I think the best advice for writers is write about what you know, and in your case obviously abuse is not it. Let me help you.
It's 3 O'clock all right but not a.m., it's p.m. and you sit in your chair watching the clock tick off the last fifteen minutes before the buses will take you back, there. You miss the announcement the teacher just gave, and the sound of your rowdy, restless classmates only serves to heighten the mounting sense of dread.
What will happen today? Will your drunken father hurl you from your rooftop because you are eight and can't tell the difference between adjustable pliers and standard pliers? Will he drag your little brother out into the yard for no reason you can comprehend, tie him to the ground and beat him with a belt until he bleeds? Will he beat you again the way he did last week so long and so hard he has to send your siblings for a refreshing glass of tea to cool himself off?
Maybe he'll use some stupid excuse to banish you from your bed, sending you to sleep in the hayloft instead. Maybe he'll tell neighbors weeks before he does this that he has a coyote problem, and then maybe when it finally is 3am he'll sneak out the back door and fire into the side of your barn where you are sleeping at the imaginary coyotes no one else has ever seen?
Then again, maybe he's not home. I suppose you think that might be good, but you know otherwise. You know every minute he is not home he's out pouring a sixty thousand dollar a year paycheck into little brown bottles, and it won't be long before it occurs to him that it's all your fault.
Your fault he can't be a lawyer, your fault his daddy did not love him, your fault he's stuck with a family , a job and a life he never really wanted. It's your fault he's an alcoholic, it's your fault he beats you, and man are you going to pay. You are going to pay because no one is going to stop him, or even believe that such a great guy could ever do anything remotely like this. But mostly you are going to pay because he is a weak scared little man who needs to beat his family to feel like a man.
Key in the lock? Forget that man you better not lock his door! No surprise at the door for you, because you and everyone else in the house have been on high alert since early evening and everyone scrambles instantly to 'battle' positions the second his headlights come tearing down the driveway.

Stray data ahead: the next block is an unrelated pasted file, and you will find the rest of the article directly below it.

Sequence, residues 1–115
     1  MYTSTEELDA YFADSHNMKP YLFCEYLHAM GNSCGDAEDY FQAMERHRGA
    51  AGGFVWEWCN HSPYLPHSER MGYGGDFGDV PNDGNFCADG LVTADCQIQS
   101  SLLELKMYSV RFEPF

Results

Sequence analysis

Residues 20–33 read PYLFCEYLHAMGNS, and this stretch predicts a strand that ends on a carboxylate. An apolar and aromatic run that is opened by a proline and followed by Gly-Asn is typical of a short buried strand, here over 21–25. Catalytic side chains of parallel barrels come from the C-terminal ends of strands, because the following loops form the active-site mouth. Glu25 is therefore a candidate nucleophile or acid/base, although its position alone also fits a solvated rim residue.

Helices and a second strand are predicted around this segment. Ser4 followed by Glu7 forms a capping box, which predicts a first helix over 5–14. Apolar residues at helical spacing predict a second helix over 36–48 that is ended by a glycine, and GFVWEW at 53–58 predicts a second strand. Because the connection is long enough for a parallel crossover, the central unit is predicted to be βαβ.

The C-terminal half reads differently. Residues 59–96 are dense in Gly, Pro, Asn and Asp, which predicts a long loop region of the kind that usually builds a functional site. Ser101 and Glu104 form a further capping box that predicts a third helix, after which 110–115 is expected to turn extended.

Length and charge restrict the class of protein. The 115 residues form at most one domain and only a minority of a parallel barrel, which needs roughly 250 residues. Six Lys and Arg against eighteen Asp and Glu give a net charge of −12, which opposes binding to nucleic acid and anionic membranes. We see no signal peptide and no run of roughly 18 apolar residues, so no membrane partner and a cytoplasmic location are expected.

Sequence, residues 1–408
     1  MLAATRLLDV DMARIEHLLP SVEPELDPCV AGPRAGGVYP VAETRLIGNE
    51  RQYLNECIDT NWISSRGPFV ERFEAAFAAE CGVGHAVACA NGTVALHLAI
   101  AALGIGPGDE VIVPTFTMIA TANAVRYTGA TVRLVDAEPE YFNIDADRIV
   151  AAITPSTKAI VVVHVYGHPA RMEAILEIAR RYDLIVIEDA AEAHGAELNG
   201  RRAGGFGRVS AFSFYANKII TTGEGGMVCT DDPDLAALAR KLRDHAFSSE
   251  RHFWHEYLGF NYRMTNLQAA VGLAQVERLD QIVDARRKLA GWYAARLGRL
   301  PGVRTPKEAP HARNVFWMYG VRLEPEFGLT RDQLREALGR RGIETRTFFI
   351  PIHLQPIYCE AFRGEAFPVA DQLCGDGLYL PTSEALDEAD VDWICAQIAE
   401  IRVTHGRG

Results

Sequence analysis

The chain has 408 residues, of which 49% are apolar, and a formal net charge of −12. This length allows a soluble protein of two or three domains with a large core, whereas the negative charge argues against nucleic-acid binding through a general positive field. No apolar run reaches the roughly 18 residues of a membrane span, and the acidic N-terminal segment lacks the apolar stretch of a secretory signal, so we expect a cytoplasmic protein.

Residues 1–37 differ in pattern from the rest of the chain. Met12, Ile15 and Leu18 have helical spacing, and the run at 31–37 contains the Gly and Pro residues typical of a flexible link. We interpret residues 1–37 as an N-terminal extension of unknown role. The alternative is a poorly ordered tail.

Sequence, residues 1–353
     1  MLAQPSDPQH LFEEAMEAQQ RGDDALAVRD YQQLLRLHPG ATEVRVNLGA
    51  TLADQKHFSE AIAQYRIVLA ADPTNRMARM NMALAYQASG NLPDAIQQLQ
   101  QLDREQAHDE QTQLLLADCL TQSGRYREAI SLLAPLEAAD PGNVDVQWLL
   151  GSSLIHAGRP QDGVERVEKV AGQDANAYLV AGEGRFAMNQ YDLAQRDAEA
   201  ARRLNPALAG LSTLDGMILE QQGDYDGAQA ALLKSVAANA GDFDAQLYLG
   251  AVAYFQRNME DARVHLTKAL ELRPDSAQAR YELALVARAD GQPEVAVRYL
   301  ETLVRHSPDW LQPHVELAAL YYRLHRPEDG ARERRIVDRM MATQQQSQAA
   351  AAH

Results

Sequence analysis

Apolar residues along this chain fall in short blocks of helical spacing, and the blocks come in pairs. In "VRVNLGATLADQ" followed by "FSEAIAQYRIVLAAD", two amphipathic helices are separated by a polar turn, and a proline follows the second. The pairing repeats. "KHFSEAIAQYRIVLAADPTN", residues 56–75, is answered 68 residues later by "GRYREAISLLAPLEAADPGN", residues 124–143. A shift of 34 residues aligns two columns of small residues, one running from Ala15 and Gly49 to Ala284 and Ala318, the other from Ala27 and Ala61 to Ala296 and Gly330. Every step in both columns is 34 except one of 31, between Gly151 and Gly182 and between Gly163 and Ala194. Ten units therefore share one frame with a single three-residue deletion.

Then there is that eerie second of divination that seems to last a lifetime and hangs in the air like a eerie morning fog over the countryside. Will he be drunk? Will he be sober and mad anyway? Maybe, just maybe he'll come home take off his boots and sit down quietly before going to sleep, maybe. But it only lasts a second and then the door slams open, and all hell breaks loose!
He does not do a cinematic open handed slap, he grabs your mother, or your brother, or you and with his fists proceeds to beat you down where you stand. He straddles her on the kitchen floor and beats her like a school yard thug, pounding on her back in while she wails in pain. Then he leaves her on the floor, a beaten frightened mess, and now it's your turn.
You, because he knows you hate him, because you are smart enough to try and escape this wretched hellhole, and because he knows what you would do to him if you ever got the opportunity. And so with his boots he stomps you into the floor, "Run you piece of shit! you think you are smart?!, I'll kill you, you son of a bitch you fuck with me I'll kill you! Just try and run, go ahead I'll fucking bury you!"
Yeah, you are way off base my friend. But your inane 'Hollywood' depiction of abuse is not what pisses me off. What pisses me off is that you would liken me to a woman that allowed her children to experience this hell and never got the courage to leave.
Libertarians are not apathetic victims. They are not lamely hoping that despite the abuse things will get better, they are fighting back. Maybe they have been fooled in the past, perhaps that is true, but if it's true they quickly figure out who is real and who is not and they take steps to correct their voting habits to reflect what they have learned.
As for me, I left home when I was fifteen, and I sure as hell ain't nobody's victim, so save the drama for Hollywood.